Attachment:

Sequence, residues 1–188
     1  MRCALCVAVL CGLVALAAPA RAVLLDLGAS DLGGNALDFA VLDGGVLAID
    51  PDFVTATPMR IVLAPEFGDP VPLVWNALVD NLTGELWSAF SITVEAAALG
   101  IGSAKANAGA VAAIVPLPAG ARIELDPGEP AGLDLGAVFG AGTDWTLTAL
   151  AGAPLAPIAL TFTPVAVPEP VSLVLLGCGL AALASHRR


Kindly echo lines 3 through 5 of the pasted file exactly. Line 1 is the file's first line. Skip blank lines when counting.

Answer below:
    51  PDFVTATPMR IVLAPEFGDP VPLVWNALVD NLTGELWSAF SITVEAAALG
   101  IGSAKANAGA VAAIVPLPAG ARIELDPGEP AGLDLGAVFG AGTDWTLTAL
   151  AGAPLAPIAL TFTPVAVPEP VSLVLLGCGL AALASHRR